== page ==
Memphis music makes history
Jerry Lee Lewis
The world of music will be "all shook up" as Memphis honors some of its most notable musicians, including Elvis, B.B. King, Jerry Lee Lewis and others.
The Memphis Music Hall of Fame, an administration of the Smithsonian-developed Memphis Rock 'n' Soul Museum, will have its inaugural induction at the Cannon Center for the Performing Arts tonight at 7 p.m.
"It's a salute to those individuals and to Memphis as a whole. Inductees range from early pioneers to the hay day with Sun Studio and Stax Records to more contemporary artists," John Doyle, executive director of the Rock 'n' Soul Museum and Memphis Music Hall of Fame, said. "Most of the inductees or family members of those deceased will be in attendance and honored."
A nominating committee made up of local and national music professionals chose a list of 25 initial inductees to be honored at this first ceremony, to take place yearly from now on. The committee's members included studio owners, producers, authors and historians who picked the musicians based on a variety of criteria that reflects Memphis' musical heritage and integrity.
"There's not a general rule, that's part of the beauty about it. Memphis music is an independent. It kind of breaks the rules," said David Less, member of the nominating committee and partner at Memphis International Records. "If we saw an inductee, we would know it. If we couldn't justify it to the other committee members, then they shouldn't be in it."
With ties to the origin of the blues with W.C. Handy and the integration of rock 'n' roll and mainstream radio with Elvis Presley, Memphis has served as an epicenter for music from all over the country for more than half a century.
"As far as one city literally producing hundreds of charting musicians through the years, it's kind of unequal," Doyle said. "This city exploded rock 'n' roll. The Memphis Music Hall of Fame was something that the city needed."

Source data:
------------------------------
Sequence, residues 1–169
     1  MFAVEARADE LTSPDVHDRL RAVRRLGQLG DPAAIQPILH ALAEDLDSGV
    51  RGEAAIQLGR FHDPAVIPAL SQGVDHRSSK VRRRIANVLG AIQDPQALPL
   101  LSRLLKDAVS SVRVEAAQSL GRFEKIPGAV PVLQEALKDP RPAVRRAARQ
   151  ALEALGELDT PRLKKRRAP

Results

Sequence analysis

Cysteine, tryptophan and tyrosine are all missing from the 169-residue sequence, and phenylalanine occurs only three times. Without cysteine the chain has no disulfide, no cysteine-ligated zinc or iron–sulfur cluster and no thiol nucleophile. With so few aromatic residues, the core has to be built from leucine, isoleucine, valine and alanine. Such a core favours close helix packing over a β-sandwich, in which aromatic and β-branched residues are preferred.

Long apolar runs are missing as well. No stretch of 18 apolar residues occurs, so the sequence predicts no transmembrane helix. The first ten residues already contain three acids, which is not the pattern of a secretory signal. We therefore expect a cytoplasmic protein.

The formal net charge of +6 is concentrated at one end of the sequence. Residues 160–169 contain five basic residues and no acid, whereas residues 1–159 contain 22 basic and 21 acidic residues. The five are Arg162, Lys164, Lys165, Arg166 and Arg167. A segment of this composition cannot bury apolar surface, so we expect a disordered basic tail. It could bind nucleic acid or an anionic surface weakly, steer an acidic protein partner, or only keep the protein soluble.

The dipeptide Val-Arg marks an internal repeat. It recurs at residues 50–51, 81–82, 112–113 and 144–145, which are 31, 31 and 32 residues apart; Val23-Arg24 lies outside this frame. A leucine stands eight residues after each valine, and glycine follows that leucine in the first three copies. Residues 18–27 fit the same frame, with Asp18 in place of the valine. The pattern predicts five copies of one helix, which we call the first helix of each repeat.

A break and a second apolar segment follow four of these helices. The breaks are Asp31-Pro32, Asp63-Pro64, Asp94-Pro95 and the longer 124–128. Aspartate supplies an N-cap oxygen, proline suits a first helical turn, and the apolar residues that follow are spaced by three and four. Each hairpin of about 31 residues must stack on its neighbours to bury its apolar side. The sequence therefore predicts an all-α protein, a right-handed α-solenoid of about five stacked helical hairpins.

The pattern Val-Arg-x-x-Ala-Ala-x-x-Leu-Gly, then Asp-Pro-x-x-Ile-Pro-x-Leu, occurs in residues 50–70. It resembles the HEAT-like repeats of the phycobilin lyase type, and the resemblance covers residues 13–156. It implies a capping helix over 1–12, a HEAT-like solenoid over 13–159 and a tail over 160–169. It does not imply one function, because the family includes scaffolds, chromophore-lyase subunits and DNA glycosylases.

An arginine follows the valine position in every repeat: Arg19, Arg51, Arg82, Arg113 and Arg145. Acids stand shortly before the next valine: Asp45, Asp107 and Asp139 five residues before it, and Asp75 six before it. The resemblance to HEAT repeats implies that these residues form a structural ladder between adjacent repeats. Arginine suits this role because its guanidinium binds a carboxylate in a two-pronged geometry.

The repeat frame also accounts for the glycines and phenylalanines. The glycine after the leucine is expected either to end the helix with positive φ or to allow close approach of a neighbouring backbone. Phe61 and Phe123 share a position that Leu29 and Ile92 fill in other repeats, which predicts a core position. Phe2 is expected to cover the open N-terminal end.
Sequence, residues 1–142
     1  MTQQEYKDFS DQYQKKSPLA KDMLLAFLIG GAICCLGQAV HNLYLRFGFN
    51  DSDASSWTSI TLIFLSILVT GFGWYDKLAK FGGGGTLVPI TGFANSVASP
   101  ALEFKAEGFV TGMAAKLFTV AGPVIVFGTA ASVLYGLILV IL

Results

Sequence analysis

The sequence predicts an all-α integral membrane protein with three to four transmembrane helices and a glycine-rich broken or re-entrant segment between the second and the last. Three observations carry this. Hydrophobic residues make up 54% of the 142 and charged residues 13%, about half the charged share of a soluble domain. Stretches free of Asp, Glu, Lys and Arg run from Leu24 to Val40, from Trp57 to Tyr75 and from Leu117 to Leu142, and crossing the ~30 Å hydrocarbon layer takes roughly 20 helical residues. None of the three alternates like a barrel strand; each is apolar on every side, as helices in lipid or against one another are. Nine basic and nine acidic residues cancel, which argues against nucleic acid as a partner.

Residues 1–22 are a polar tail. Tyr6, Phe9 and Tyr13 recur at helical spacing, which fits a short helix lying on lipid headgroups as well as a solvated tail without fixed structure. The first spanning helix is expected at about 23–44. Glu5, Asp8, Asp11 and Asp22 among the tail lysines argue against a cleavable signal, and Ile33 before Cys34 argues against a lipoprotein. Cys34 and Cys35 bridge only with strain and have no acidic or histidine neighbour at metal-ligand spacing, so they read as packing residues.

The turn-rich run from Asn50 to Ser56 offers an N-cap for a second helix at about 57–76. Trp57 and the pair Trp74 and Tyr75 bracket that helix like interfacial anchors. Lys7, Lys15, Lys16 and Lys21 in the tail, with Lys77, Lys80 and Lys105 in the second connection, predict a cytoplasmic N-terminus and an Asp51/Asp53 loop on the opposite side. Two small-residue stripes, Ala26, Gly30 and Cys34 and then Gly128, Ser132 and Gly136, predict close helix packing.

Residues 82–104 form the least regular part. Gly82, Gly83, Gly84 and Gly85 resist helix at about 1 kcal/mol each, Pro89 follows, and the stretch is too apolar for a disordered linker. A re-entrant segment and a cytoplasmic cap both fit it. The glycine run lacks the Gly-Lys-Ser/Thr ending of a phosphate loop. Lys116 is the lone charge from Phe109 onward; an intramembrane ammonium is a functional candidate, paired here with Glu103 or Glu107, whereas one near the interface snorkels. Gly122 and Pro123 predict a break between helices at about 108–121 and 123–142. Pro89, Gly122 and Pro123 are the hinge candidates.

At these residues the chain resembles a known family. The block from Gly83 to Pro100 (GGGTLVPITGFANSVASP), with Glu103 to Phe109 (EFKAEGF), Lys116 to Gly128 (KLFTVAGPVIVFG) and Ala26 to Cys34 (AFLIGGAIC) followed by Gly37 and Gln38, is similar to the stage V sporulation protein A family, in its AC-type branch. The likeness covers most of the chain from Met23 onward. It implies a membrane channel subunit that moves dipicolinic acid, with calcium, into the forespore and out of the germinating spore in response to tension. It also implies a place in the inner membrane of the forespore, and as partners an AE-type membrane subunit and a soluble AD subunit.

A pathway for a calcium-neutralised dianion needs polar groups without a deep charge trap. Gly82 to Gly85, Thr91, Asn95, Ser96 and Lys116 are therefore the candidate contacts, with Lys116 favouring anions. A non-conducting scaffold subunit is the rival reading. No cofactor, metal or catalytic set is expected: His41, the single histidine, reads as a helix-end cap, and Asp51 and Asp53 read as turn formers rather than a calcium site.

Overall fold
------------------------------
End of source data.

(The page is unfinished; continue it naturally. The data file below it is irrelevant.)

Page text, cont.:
Each inductee is presented with a Memphis Music Hall of Fame statuette, handcrafted by the Tennessee Pewter Company of West Tennessee. The award features the organization's logo - a hand and vintage microphone - mounted atop a base of West Tennessee hardwood and individually inscribed for each inductee.
"Often we take these people for granted. We don't really have a concept of the huge impact they've had on music and what the city really meant and still means to music," Doyle said.
Along with the Memphis Rock 'n' Soul Museum, the Hall of Fame also has the cooperation and support of other respected Memphis music organizations, such as Sun Studio, Graceland and the Blues Foundation.
"The audience will see a lot of Memphis musicians playing tributes to inductees, as well as a few inductees performing themselves," Doyle said.
Musicians inducted this year come from an array of genres that have found a home in Memphis. Artists being honored at the induction range from Three 6 Mafia to ZZ Top to Booker T. and the MG's. Even some of the behind-the-scenes musicians will be inducted and saluted at the event, such as Memphis record producer Jim Dickinson.
"This first year is a heavy one. We're inducting 25 people this year. However, there are so many more," Doyle said. "We have already identified 300 names that are significant Memphis musicians, worthy of inductions. This is something that will be taking place for decades."
Other legendary musicians to be inducted tonight include Jerry Lee Lewis, B.B. King, Isaac Hayes and Otis Redding.
"Not only do we want the inductees proud and honored by the induction, more importantly, Memphians that attend or see the media the following day should have a sense of pride," Doyle said.
2012 Memphis Music Hall of Fame Inductees
Bobby Blue Bland
Booker T and the MG's
Jerry Lee Lewis
Prof. William McDaniel
Three 6 Mafia
Nat D. Williams
Jim Stewart and Estelle Axton
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